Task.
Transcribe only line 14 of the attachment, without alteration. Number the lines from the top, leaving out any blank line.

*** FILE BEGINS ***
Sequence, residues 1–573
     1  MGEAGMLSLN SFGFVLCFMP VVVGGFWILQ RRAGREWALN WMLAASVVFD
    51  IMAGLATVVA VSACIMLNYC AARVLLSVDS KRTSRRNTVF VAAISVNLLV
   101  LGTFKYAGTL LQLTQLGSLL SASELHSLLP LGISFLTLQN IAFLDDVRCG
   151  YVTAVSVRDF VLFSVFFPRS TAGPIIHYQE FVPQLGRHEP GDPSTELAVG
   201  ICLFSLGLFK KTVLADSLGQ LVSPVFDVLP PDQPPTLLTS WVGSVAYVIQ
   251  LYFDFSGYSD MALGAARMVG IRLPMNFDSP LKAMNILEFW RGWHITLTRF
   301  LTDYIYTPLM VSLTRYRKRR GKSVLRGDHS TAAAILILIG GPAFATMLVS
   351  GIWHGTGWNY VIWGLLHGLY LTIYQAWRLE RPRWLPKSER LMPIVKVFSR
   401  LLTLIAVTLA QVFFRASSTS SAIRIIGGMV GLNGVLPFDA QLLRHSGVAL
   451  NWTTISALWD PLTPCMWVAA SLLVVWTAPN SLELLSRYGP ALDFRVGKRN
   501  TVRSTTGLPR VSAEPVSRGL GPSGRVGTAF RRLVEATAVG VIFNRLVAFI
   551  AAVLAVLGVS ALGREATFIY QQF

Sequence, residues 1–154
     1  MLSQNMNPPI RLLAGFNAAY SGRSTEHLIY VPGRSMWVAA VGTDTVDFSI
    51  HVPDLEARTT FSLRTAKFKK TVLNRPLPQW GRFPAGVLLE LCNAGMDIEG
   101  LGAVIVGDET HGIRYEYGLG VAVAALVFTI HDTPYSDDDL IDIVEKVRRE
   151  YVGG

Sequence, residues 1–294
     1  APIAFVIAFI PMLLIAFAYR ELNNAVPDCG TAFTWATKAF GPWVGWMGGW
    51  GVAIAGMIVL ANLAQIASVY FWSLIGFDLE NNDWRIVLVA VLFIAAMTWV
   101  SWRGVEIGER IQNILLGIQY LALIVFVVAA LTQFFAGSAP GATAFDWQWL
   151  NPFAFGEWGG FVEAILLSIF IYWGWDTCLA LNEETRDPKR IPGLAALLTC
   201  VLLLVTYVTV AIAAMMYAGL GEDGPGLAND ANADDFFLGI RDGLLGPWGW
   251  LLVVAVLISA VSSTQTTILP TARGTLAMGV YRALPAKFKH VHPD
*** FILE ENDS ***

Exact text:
Sequence, residues 1–154